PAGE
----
Acute Lymphoblastic Leukemia

It’s a mouthful isn’t it? And that’s what I was diagnosed with. Acute Lymphoblastic Leukemia, or ALL for short.

It’s, as the one of the consultants here put it, “not a cold or a flu. It’s a very, very nasty, dangerous disease.” What I have specifically, is the Precursor B-Type (going all medical here). Generally, it’s either the T cells or B cells that have gone bonkers. In my case, it’s the B cells. There’s not much difference in the treatment or prognosis, and it largely depends on who you ask. Doctors here reckon that stats don’t matter, and it’s the individual patient who beats this, no matter what it is.

According to Cancer Research UK, 297,991 people were diagnosed with cancer in 2007. Of that, about 1.5% are diagnosed with Leukemia (simple maths, nearly 4500). And, ALL is one of the least common adult Leukemias, roughly 650 cases a year. It’s actually more common, and more treatable in children between the ages of 1 – 10. It’s like I’ve won the reverse lottery! Ha!

The good news (relatively speaking) is that I am negative for the Philadelphia chromosome (9,22), which is very nasty, untreatable and has a very bad prognosis.

The scariest thing about ALL is that it has no clear symptoms. And if left untreated, it can be fatal in weeks. It was purely due to the Grace of God (and a persistent wife, who harassed me constantly to see the doctor) that I was diagnosed before I got really sick.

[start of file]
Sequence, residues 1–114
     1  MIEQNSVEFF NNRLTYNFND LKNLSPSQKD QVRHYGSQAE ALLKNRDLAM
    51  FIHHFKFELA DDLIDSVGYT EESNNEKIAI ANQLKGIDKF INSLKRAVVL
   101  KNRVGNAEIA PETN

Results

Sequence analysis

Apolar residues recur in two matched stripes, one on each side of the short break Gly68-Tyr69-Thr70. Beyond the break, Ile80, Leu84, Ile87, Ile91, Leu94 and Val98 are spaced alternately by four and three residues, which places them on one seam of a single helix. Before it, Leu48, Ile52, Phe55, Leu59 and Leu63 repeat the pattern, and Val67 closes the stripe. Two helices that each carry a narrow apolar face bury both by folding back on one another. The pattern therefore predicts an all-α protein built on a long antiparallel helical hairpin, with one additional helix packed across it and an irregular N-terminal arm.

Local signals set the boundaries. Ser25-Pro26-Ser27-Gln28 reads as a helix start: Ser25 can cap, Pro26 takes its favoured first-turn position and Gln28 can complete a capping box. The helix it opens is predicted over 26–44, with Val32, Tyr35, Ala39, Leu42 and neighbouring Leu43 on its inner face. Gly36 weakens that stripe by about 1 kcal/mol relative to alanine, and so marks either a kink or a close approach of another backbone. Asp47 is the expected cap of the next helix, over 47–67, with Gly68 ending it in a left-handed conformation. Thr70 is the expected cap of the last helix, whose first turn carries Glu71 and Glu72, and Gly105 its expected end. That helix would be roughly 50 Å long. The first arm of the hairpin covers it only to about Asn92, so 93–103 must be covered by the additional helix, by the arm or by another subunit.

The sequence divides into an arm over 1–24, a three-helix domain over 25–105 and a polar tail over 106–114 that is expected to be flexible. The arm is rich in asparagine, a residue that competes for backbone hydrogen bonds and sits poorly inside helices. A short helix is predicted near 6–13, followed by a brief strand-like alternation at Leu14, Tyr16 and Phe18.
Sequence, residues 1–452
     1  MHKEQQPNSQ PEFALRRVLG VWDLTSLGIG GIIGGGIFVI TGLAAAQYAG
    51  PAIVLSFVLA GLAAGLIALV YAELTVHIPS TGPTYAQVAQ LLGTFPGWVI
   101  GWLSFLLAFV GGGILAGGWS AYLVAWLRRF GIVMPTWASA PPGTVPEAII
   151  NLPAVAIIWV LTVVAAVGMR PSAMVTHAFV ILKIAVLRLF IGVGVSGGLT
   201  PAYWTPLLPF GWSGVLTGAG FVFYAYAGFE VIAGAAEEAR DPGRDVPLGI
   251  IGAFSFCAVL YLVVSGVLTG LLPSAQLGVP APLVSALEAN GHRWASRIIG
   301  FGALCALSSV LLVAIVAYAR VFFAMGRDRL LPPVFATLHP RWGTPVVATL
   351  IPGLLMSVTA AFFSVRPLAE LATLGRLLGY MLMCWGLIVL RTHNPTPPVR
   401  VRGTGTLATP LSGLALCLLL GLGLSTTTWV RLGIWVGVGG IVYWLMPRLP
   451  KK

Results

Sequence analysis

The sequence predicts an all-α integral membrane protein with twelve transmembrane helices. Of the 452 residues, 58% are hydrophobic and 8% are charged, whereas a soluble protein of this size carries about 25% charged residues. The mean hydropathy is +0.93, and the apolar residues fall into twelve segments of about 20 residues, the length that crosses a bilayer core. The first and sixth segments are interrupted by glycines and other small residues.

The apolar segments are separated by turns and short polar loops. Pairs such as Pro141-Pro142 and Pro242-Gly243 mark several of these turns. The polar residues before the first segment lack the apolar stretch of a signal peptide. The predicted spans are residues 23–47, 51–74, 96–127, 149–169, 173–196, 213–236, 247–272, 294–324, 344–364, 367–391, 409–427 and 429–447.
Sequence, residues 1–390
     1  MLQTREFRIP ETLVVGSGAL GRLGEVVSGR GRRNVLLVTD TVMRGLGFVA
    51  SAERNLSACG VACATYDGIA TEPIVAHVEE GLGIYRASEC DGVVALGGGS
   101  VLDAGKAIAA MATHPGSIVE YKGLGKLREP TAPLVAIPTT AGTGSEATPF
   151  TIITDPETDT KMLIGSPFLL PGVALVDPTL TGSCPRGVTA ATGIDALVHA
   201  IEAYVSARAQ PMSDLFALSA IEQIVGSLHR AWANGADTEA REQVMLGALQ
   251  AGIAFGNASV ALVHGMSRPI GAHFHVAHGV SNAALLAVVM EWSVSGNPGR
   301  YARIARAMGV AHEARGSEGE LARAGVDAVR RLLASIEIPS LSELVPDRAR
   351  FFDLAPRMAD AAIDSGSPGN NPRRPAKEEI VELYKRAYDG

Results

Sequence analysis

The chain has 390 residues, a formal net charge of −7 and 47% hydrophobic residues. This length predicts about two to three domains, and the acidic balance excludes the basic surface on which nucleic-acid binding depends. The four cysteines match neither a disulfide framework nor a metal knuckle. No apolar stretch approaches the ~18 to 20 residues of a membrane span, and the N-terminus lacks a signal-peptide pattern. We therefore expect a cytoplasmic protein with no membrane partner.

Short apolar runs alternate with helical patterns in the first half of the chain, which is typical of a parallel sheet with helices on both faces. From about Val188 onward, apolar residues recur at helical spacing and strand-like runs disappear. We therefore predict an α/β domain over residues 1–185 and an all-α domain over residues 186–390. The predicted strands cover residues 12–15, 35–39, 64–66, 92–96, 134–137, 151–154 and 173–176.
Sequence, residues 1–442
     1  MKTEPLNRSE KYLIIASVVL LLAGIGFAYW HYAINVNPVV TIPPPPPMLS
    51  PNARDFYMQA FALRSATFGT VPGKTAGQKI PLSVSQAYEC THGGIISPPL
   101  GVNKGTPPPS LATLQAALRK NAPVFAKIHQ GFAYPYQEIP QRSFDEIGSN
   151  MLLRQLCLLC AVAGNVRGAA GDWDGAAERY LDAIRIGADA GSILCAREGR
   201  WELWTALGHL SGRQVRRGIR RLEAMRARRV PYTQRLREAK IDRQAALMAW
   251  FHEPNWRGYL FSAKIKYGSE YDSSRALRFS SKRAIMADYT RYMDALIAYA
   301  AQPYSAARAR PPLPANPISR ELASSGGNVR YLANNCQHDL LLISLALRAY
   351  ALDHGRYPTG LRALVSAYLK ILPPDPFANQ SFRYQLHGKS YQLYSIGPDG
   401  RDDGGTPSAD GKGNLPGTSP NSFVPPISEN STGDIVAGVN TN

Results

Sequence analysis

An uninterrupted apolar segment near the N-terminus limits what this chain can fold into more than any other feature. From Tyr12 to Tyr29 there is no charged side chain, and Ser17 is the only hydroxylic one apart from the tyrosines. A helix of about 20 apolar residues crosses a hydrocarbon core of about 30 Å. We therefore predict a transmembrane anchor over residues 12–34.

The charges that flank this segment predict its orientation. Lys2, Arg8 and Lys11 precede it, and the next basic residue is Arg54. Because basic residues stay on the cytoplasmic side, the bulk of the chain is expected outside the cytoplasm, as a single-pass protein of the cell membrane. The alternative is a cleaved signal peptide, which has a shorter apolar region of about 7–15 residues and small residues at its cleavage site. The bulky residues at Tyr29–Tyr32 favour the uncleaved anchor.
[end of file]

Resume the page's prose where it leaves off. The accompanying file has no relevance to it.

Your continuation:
Some of the known symptoms of ALL are:

  • General fatigue and tiredness
  • Unexplained infections and illness
  • Bruising
  • Unexplained bleeding
  • Weight loss or loss of appetite
  • Night sweats

The symptoms are all fairly unassuming and many people tend to dismiss them and continue living their lives. I’ve only had the night sweats, and in hindsight, noticed that I got tired very easily.

But at this point, I am just thankful that we’ve managed to catch this thing early and that I am getting the best treatment I can possibly get. But having had this diagnosis, I think it’s very prudent to be a little bit more paranoid about my health. It’s very fragile and things can just change in an instant, like it did for me.

  1. #1 by Gems and Rhinestones on July 5, 2011 - 3:29 am

    So sorry you got this awful news…my son has T-Cell ALL (dx at five years old in sept 2009). What a journey it has been (
    I have have read you post about eating healthily with great interest. My son has never eaten meat (red) but we do need more fruits/veggies in his diet. he would live on rice if we let him. Looking forward to getting some ideas form you 🙂
    Katy xx

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